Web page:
September 9, 2019
First-ever parenting book based on Sesame Street’s curriculum puts the fun back in learning — for kids and parents — throughout their earliest school years
(New York, NY — September 9, 2019) — Summer is over, and September is here, but that doesn’t mean families should sacrifice playtime for workbooks and flash cards. As little learners settle into their school-year routines, a new book from Sesame Workshop is showing parents how to help them thrive at school in a way that’s fun for everyone. The best part: it doesn’t require any scheduling or special materials, just a little imagination.
In Ready for School!, Dr. Rosemarie Truglio — a child development expert who has been guiding Sesame Street’s curriculum for more than 20 years — helps parents find the playful learning opportunities hidden in plain sight: at the kitchen table, on the bus, at the grocery store, or in the park. The methods and tips in the book are translated from Sesame Street’s time-tested model, a research-based school readiness curriculum that has helped the show nurture young minds for fifty years and counting.
“Helping kids meet their school-readiness benchmarks can be stressful for parents, which can in turn put unnecessary pressure on young children,” said Dr. Truglio. “I want to help parents reclaim the joy of playing, learning, and exploring alongside their little ones, without all the anxiety.”
Ready for School! is filled with activities, tips, and resources to foster children’s natural eagerness to learn. The book emphasizes the importance of how children learn and process information at different ages. Inside, parents and educators will find advice like:
• It’s okay not to know all the answers … learn together! Kids ask lots of questions, giving parents countless chances to say “I don’t’ know, let’s find out together.” Even if you do know why water is wet, try asking “What if?” and saying “Let’s try!” Investigate together instead of just sharing the facts.
• Art is about the process, not the product. For budding artists, wonder and self-expression are more important than making a pretty picture. Don’t be afraid to embrace mistakes, and your child won’t be, either. If a spill at the craft table is about to set off a meltdown, try saying “Oops, the red paint dripped! But maybe it adds to the picture … what can we make out of these spots?”
• Math is everywhere – and it doesn’t have to be scary. It’s easy for parents to pass their own math fears onto their kids without realizing – but spotting the early math in everyday moments can help. Take mealtime: Count out the ingredients as you prepare a recipe. Ask your child to hand you the smallest measuring cup, or the biggest tomato. Practice geometric shapes by setting the table with round plates and rectangular napkins.
• “Guiding play” doesn’t mean swooping in to solve problems. Kids are natural problem-solvers; parents can encourage that skill by giving them a little space and asking the right questions. Say your child is playing with blocks and toy cars. Don’t just ask “What are you building?” Try “What’s this building for?” or “How will the cars get inside?” You can even add a new vocabulary word: “Let’s use a ‘ramp’ – it goes from low places to high places!”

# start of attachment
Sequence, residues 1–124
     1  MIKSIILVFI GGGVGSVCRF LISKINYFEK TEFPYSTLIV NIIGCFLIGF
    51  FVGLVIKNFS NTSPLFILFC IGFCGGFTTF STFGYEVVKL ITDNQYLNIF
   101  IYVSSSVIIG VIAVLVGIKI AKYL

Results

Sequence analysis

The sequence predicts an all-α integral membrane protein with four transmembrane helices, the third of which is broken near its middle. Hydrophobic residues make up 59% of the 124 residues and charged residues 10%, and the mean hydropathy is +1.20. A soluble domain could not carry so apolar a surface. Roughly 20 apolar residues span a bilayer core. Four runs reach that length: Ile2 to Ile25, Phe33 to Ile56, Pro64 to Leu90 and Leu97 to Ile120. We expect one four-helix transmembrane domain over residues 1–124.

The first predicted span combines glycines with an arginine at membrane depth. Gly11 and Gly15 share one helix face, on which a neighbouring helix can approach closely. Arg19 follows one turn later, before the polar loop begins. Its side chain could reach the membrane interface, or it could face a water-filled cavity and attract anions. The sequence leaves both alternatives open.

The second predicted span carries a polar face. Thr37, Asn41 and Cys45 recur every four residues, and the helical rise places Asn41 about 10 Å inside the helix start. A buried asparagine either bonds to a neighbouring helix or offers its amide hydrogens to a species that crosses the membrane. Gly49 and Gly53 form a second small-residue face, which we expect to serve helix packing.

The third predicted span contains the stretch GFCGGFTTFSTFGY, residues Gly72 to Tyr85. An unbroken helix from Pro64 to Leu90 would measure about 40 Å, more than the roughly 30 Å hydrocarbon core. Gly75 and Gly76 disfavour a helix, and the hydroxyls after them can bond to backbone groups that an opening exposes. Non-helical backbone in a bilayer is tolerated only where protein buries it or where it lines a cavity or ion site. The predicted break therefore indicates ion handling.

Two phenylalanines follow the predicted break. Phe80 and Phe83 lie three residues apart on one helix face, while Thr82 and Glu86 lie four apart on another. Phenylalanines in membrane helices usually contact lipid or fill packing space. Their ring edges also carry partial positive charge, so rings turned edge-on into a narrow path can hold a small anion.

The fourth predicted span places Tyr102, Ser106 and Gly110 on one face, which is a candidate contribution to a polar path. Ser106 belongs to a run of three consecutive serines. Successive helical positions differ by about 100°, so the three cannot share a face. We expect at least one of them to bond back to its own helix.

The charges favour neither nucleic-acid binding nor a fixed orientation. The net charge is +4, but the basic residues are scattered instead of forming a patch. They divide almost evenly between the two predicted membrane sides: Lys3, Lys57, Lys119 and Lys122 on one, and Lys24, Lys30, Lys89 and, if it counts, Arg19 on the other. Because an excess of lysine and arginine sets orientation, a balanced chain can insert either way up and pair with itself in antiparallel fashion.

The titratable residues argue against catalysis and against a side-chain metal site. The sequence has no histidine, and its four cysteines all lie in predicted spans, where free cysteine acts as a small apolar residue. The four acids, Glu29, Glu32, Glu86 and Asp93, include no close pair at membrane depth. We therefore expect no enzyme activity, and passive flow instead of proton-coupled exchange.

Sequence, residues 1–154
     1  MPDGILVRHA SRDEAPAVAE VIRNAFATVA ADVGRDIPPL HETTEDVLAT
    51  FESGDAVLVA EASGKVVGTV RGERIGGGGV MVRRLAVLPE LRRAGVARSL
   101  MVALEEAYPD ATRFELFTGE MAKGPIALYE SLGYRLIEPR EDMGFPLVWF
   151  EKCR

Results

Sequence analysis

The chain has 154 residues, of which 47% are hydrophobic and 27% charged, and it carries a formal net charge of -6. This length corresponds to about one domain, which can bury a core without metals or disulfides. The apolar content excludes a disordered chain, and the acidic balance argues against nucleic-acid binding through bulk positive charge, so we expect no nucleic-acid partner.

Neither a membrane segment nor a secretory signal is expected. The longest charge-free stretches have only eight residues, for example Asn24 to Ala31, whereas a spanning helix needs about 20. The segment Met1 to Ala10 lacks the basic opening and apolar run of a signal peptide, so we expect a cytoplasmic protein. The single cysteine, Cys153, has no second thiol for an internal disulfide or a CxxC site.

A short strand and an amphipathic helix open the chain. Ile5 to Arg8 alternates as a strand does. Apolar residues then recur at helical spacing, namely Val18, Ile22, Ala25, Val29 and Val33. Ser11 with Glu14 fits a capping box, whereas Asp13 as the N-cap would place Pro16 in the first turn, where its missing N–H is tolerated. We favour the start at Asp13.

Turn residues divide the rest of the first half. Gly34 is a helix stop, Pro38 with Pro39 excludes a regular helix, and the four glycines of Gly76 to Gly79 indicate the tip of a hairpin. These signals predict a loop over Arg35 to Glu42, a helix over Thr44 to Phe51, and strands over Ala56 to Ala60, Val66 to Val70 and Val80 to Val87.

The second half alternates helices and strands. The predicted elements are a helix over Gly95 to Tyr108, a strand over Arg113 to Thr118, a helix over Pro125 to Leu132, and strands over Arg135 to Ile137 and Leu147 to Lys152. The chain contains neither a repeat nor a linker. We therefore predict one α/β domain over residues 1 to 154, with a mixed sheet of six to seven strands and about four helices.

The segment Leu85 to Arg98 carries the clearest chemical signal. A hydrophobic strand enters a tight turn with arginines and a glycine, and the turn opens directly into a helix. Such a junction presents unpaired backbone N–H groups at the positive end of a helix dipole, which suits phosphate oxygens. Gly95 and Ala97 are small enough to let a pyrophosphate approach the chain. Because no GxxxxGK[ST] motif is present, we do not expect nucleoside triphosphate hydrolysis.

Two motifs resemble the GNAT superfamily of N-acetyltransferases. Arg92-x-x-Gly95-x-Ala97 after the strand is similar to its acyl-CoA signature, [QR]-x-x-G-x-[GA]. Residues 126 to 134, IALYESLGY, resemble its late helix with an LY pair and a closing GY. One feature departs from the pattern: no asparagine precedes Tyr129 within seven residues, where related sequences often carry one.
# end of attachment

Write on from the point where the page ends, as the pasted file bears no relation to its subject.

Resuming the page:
• Even meltdowns can be learning moments. How parents react to stress has a big impact on little ones. Model calmness by using self-talk and feeling words – “Oh no, I burned the pizza! I feel so frustrated…I could really use a hug.”— in front of your child. Seeing self-regulating strategies in action at home will help them learn to manage their own feelings in school and beyond.
“Most parents are hungry for meaningful, relevant suggestions about how to do the best they can for their children, despite being crazy-busy and worried about how to keep their kids happily and safely engaged with the world around them,” writes renowned child development expert Dr. Kyle Pruett in Ready for School!’s foreword. “In my decades of working with families, I have found no more savvy travel guide than Sesame Street. For those who know Sesame Street, this book will feel very familiar; no preachy or cliched advice, just the stuff that matters.”
Available September 10, 2019, Ready for School! will help families far beyond the back-to-school season. Organized around eight key pillars of school readiness– language, literacy, math, science, logic and reasoning, social and emotional development, healthy habits, and the arts – the book help parents customize at-home learning for kids’ individual needs. “Play and Learn” moments attach simple play moments (like a road trip game of I Spy) to
specific skills (focused attention, flexible thinking, and working memory). Developmental progression charts in each chapter serve not as checklists but as guides, letting parents follow along as their children grow.
“I want to remind parents to slow down and get a little playful themselves. Don’t try and make your three-year-old into a four-year-old. Bond in playful learning moments and make memories together,” Dr. Truglio said. “Ready for School! is packed with ideas to get you started, but the most precious thing I can offer is the confidence to invent your own playful learning moments. As long you’re interacting, sharing, talking, laughing…your child is learning.”
About Sesame Workshop
Sesame Workshop is the nonprofit educational organization behind Sesame Street, the pioneering television show that has been reaching and teaching children since 1969. Today, Sesame Workshop is an innovative force for change, with a mission to help kids everywhere grow smarter, stronger, and kinder. We’re present in more than 150 countries, serving vulnerable children through a wide range of media, formal education, and philanthropically-funded social impact programs, each grounded in rigorous research and tailored to the needs and cultures of the communities we serve. For more information, please visit www.sesameworkshop.org.